National Search For New APD Chief A Sham

As Gomer Pyle use to say “Surprise, Surprise, Surprise!”

It has now been made official and Mayor Tim Keller has appointed Interim Chief Michael Geier as permanent APD Chief!

Keller’s Senior Advisor for Public Safety James Lewis and head of the search committee said this about the appointment:

“We followed a methodical and thoughtful process to help the Keller Administration select the top candidate for our city. … After gathering community input and conducting interviews, I’m confident that Mike Geier has the varied experience, the perspective from both within and outside of APD, and the skills and determination to transform the Department that the public is asking for.”

Mayor Tim Keller in announcing the Geier appointment had this to say:

“From day one, it was important for me to have a Chief with a combination of knowledge of our city, an outside leadership perspective to implement change, and the respect of both frontline officers and community stakeholders. … Chief Geier has already begun to make progress toward reforming APD and re-establishing community policing strategies. He also understands that there’s still a lot of work left to do.”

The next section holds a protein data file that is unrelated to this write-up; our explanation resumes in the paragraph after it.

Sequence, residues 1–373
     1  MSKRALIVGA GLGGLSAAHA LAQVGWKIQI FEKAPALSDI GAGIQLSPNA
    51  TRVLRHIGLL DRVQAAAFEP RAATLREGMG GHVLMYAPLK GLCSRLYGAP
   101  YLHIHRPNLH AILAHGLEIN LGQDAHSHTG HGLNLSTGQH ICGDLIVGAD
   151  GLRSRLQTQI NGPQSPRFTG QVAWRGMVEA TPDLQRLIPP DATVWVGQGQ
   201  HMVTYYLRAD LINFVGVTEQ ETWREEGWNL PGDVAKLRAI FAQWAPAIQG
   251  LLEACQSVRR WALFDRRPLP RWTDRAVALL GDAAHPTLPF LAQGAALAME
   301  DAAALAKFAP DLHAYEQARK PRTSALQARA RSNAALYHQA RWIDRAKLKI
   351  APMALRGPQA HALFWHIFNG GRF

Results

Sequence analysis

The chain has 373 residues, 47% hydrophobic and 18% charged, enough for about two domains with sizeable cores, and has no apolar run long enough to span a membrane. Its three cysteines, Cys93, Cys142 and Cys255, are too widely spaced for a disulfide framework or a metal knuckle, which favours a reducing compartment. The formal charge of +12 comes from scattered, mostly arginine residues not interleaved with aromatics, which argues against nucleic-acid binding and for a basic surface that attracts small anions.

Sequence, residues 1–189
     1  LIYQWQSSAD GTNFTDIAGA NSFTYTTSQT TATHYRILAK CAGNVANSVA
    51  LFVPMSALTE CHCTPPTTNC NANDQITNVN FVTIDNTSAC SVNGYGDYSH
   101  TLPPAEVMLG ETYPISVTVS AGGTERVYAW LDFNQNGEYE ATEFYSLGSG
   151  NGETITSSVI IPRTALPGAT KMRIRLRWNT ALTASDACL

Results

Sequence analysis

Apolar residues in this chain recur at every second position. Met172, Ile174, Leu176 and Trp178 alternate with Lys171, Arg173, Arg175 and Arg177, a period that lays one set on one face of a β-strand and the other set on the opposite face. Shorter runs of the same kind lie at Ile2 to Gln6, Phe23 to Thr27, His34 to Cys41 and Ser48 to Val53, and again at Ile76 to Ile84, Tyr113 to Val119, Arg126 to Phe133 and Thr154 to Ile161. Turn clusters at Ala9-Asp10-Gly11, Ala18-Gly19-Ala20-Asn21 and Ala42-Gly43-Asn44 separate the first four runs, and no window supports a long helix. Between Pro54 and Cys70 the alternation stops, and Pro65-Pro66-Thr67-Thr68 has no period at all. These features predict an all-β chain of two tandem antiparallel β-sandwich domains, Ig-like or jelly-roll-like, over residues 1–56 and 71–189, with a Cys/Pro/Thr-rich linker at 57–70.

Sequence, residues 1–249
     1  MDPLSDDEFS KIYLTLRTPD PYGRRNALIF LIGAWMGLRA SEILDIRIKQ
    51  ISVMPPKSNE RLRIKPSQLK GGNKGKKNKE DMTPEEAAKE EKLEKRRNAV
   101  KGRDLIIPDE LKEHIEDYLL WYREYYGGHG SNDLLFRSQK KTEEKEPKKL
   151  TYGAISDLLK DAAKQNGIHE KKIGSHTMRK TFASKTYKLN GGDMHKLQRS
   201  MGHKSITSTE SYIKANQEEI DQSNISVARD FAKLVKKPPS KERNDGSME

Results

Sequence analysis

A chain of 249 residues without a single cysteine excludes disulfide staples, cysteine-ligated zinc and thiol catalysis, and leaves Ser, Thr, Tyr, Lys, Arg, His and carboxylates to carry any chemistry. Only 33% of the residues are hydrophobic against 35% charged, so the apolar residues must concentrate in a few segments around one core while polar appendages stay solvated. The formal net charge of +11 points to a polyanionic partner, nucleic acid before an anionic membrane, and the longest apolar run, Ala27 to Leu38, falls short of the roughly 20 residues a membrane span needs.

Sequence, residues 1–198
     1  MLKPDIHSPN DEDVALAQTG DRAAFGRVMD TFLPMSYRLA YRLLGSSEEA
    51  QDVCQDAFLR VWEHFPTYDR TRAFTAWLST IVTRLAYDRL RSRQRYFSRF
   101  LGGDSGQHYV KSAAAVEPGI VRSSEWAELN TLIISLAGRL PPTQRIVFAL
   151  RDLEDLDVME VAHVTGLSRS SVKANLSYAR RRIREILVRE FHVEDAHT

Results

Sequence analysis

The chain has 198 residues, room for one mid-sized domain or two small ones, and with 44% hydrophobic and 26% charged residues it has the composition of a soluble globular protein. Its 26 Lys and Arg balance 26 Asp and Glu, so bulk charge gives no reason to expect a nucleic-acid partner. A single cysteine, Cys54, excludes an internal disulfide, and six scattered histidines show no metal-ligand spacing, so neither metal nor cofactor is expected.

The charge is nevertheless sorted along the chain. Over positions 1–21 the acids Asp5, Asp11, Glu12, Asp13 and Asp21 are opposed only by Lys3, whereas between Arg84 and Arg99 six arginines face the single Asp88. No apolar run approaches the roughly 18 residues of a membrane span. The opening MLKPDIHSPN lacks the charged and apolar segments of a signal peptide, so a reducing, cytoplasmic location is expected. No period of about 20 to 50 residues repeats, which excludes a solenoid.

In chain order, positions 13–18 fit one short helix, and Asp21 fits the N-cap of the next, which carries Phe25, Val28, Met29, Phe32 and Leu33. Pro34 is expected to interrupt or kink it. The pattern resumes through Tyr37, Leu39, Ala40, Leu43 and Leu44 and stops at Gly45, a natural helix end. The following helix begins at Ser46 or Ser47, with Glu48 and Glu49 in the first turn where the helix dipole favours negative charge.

On May 1, 2018, the Keller Administration announced that a national search was underway to select a permanent APD Chief.

From day one, it was apparent that Mayor Tim Keller knew he was going to appoint Geier permanent when he said:

“We’ve got to have a chief that understands APD and Albuquerque. … That’s a general statement because I think that can come in numerous forms. I think that’s critical – they have to have some sort of experience with respect to our city, our state and the department. They also have to have some sort of outside perspective. We know that, coming in, we didn’t want someone that’s been solely in APD. They need to know a lot about community policing. It’s our administration’s priority and they’ve got to have expertise in that area.”

For his part, Geier announced immediately his intent to apply to be permanent giving him a front runner status

Chief Geier has over 40 years of law enforcement experience first in Chicago and after that with APD and then  Chief of the Rio Rancho Police Department.

Chief Michael Geier was well school in community-based policing when it was first instituted in Albuquerque back in the 1990’s.

He was also well schooled in the management practices of former Chief Ray Schultz having been appointed a commander by Schultz, which is a real problem.

Confidential sources have said then Rio Rancho Chief of Police Michael Geier met with candidate for Mayor Tim Keller back in late 2016 before Keller announced for Mayor in January, 2017 and before Geier retired as Chief of the Rio Rancho Police Department on February 18, 2017.